In order to assess the relative strength of each factor in explaining differences (an effect size) in excess pandemic mortality, we calculated the reduction in the between country mortality variance for each factor. This proportion is a measure of how strong a factor is in capturing the difference in country variance. It is calculated by comparing two regressions, based on the datasets in which the factor was present during the data creation stage. First the between country variance for the model without the factor in the regression model and next the between country variance with the factor in the model. The between country variance for the model with the factor present is then subtracted from the between country variance for the model without this factor. This is divided by the between country variance for the model without this factor and multiplied by 100 resulting in a percentage. If the percentage is 100%, then all the differences in excess mortality rates between countries could be explained by this factor, if it is 0% this factor cannot explain any difference between countries. This was done 16 times and the average is reported. So the effect size for a factor is the average reduction in between country variance.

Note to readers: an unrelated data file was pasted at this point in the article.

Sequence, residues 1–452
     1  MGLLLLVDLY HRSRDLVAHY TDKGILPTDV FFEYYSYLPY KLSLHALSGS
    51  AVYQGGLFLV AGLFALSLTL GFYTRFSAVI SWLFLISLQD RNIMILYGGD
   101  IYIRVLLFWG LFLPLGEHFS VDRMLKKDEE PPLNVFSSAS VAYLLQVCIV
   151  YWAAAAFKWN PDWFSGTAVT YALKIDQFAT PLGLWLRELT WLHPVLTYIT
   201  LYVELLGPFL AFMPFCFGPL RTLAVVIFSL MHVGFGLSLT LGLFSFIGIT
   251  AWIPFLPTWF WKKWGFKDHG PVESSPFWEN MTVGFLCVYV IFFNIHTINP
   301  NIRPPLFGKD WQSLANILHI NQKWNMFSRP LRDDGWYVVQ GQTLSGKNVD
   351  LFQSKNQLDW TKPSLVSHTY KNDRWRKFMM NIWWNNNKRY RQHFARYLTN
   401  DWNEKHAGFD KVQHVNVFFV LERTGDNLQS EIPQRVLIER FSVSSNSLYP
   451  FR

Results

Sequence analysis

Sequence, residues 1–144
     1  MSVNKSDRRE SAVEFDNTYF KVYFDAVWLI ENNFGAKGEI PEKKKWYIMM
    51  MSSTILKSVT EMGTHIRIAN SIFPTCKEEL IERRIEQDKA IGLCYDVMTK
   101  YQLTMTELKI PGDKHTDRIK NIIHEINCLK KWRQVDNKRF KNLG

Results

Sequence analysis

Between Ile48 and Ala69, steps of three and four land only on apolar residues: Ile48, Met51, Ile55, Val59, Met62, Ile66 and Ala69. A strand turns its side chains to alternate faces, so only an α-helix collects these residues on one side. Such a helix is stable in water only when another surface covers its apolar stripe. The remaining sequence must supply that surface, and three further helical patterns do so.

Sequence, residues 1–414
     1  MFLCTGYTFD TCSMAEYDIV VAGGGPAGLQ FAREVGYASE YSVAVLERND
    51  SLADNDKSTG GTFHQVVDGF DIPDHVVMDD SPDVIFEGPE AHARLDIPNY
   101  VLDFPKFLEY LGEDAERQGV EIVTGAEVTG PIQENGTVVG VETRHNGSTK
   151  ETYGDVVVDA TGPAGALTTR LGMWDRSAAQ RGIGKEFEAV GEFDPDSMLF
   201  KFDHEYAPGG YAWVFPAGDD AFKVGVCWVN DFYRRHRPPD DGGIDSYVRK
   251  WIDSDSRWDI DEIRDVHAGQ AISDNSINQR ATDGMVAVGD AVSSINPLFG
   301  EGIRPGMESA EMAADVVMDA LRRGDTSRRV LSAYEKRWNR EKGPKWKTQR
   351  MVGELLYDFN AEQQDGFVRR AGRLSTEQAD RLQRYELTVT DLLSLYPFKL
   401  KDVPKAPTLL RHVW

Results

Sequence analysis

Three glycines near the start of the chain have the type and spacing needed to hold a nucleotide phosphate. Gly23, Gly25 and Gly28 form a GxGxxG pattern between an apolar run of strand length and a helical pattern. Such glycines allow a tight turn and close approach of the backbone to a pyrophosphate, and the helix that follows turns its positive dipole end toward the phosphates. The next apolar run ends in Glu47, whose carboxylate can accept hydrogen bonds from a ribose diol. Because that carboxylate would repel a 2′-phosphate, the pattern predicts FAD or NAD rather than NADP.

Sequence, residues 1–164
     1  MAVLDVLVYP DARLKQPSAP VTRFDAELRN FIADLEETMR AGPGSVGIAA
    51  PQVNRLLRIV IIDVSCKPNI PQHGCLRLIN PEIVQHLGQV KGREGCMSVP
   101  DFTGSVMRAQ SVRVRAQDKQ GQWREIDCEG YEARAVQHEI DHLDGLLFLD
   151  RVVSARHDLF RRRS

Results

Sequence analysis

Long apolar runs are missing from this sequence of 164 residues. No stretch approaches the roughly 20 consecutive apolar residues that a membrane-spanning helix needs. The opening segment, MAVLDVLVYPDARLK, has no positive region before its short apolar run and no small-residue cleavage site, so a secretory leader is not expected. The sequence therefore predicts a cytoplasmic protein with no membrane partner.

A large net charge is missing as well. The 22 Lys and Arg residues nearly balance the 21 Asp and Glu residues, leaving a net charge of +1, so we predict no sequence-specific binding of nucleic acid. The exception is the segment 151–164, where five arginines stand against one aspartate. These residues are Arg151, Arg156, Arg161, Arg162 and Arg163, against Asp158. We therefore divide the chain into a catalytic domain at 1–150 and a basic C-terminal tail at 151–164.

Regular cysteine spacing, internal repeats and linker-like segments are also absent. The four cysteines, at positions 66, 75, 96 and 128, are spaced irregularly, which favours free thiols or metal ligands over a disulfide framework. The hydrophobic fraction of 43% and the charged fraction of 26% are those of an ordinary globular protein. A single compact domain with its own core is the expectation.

Risk factor literature search

The literature search captured 124 publications and identified 48 possible risk factors (Table 1) worth exploring. The 48 possible risk factors fall into 10 factor categories – environmental, comorbidities in adults and children, treatment, viral, healthcare, demographic, data or modeling, pandemic preparedness activities, and other.

Table 1 The 48 possible risk factors worth investigating for Influenza A(H1N1)pdm09 mortality through a targeted literature search in Pubmed (with a focus on 2000–2013)a